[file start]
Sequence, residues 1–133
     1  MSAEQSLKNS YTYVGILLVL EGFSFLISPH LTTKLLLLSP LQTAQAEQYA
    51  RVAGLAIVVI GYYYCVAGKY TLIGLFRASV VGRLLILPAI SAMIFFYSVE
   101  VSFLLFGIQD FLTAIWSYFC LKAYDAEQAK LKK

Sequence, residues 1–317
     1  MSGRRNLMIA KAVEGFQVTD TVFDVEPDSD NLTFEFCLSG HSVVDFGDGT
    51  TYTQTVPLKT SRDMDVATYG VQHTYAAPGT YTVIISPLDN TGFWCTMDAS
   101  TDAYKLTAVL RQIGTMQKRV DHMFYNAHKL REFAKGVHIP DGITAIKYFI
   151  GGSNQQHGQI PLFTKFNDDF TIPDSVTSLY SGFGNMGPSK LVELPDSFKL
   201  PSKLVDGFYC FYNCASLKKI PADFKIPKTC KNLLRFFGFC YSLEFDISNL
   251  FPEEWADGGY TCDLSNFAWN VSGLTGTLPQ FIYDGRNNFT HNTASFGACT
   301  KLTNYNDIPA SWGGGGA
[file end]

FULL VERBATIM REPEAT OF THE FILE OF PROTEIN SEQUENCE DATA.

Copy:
Sequence, residues 1–133
     1  MSAEQSLKNS YTYVGILLVL EGFSFLISPH LTTKLLLLSP LQTAQAEQYA
    51  RVAGLAIVVI GYYYCVAGKY TLIGLFRASV VGRLLILPAI SAMIFFYSVE
   101  VSFLLFGIQD FLTAIWSYFC LKAYDAEQAK LKK

Sequence, residues 1–317
     1  MSGRRNLMIA KAVEGFQVTD TVFDVEPDSD NLTFEFCLSG HSVVDFGDGT
    51  TYTQTVPLKT SRDMDVATYG VQHTYAAPGT YTVIISPLDN TGFWCTMDAS
   101  TDAYKLTAVL RQIGTMQKRV DHMFYNAHKL REFAKGVHIP DGITAIKYFI
   151  GGSNQQHGQI PLFTKFNDDF TIPDSVTSLY SGFGNMGPSK LVELPDSFKL
   201  PSKLVDGFYC FYNCASLKKI PADFKIPKTC KNLLRFFGFC YSLEFDISNL
   251  FPEEWADGGY TCDLSNFAWN VSGLTGTLPQ FIYDGRNNFT HNTASFGACT
   301  KLTNYNDIPA SWGGGGA